China buys the most “new-energy” vehicles out of any other country in the world. That’s despite smaller government incentives to do, at that. Naturally, automaker cater to this market with plenty of electric cars, including Tesla. However, the electric-car maker is nearly ready to turn on the lights on its first local production plant.
Bloomberg first reported on Wednesday that China’s Ministry of Industry and Information Technology has approved Tesla to begin mass production of vehicles in the country. The permit follows overall certification to manufacture in China. The automaker has already started pre-production at a low scale in preparation for mass production.
The Chinese production facility — the first Tesla manufacturing hub outside of the US — is part of a big bet CEO Elon Musk has made. As the company is still flirting with profitability, China could unlock greater scale, sales and profits as the company taps into local demand for electric vehicles. Production start, however, comes as the Chinese auto market cools down dramatically amid the US-China trade war. Nevertheless, it remains the world’s largest auto market by a long shot.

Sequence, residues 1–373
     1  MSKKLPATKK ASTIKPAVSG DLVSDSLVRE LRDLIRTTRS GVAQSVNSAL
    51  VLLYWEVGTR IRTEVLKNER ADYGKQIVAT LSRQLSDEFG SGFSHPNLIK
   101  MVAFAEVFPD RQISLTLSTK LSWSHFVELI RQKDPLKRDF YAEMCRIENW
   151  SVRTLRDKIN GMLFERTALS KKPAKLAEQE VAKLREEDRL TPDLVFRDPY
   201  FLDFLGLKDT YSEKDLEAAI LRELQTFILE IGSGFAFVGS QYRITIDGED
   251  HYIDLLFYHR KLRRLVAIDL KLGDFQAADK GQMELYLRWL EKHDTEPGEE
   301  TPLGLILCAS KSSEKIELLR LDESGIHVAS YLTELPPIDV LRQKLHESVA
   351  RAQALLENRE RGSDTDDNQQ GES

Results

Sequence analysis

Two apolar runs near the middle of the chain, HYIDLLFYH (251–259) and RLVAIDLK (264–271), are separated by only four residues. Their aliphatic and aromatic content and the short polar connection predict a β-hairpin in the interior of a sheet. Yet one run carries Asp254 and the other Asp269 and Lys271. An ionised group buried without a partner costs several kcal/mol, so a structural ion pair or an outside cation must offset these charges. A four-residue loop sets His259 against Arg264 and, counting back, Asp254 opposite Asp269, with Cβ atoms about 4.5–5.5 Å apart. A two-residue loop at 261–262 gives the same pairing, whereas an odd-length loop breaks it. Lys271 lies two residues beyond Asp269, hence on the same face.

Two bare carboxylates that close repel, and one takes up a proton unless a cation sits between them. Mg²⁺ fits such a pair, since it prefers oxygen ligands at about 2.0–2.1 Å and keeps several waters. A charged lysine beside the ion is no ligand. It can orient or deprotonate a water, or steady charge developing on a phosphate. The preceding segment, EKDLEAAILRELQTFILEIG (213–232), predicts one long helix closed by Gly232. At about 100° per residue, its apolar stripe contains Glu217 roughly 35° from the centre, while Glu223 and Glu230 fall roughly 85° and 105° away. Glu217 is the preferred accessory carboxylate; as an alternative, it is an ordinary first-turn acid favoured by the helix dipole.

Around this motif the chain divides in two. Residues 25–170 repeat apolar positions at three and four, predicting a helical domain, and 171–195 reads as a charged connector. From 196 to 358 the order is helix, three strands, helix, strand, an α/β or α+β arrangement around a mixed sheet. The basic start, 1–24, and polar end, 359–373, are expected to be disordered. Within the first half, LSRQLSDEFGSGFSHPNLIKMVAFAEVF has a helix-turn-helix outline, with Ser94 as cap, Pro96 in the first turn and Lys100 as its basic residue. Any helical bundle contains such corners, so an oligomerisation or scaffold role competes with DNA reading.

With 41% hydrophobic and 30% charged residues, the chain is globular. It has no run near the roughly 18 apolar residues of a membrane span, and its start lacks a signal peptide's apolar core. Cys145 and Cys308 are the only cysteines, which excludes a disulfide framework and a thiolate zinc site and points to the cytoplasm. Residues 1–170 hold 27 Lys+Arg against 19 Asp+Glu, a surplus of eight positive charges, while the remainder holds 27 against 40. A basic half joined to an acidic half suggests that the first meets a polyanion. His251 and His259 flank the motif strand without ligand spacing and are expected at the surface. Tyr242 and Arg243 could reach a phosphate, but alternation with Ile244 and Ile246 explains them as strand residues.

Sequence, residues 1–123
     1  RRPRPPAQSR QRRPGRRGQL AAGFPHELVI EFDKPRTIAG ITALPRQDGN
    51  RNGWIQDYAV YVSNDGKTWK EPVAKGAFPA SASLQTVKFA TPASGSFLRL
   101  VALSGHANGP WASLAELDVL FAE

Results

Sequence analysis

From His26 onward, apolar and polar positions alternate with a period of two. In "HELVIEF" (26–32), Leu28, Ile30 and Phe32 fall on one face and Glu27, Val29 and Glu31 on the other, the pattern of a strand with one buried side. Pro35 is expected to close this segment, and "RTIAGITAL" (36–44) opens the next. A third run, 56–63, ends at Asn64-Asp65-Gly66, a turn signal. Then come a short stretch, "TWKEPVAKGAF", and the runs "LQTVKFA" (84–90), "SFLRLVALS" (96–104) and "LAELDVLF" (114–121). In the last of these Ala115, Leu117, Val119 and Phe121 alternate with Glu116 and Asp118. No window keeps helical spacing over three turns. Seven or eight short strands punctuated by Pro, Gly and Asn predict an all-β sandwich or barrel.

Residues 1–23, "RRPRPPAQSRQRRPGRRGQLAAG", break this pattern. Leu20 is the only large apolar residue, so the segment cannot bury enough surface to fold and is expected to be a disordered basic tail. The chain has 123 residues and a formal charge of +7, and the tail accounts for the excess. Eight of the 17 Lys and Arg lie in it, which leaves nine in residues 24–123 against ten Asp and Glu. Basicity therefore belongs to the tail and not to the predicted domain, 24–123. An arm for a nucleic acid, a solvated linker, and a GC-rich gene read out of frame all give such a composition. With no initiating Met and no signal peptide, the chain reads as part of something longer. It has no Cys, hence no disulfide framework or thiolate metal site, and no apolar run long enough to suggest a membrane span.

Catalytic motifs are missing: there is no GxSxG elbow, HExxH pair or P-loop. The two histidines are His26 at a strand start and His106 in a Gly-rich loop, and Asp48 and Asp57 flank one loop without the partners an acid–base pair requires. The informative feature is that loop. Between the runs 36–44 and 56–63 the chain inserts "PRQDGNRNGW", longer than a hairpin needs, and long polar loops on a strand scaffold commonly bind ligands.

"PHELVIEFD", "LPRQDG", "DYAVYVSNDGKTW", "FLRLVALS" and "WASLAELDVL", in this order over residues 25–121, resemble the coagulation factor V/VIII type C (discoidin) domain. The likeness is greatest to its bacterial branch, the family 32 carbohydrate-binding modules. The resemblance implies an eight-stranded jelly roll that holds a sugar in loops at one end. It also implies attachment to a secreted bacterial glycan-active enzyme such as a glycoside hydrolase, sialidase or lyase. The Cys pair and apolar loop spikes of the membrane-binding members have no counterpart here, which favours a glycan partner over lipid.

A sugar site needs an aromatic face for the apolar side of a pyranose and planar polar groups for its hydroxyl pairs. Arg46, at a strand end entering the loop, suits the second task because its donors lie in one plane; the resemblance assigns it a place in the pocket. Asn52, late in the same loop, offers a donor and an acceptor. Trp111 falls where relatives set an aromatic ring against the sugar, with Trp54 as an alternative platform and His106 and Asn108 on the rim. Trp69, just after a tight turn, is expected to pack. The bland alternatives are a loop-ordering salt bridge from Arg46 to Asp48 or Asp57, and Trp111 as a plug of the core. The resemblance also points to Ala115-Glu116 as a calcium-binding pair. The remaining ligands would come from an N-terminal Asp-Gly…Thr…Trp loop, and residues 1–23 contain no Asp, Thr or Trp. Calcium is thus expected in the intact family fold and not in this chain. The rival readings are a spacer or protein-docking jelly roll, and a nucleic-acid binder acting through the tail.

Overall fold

The Bloomberg report said the factory will first build Model 3 sedans locally with a price around the equivalent of $50,000. While that’s more expensive than what the Model 3 sells for in the US, it’s likely significantly cheaper than paying tariffs imposed on US autos shipped to the country.
As Tesla turns global, it’s also provided a final decision on its European Gigafactory. Yesterday, Musk said it will construct the facility in Germany outside of Berlin. That factory will eventually be responsible for European production of Tesla vehicles, but it likely won’t be ready for a couple of years.
Back at home, the automaker is will gear up for the reveal of another hotly anticipated vehicle. Nov. 21 will see the Tesla electric pickup, aka the Cybertruck, debut.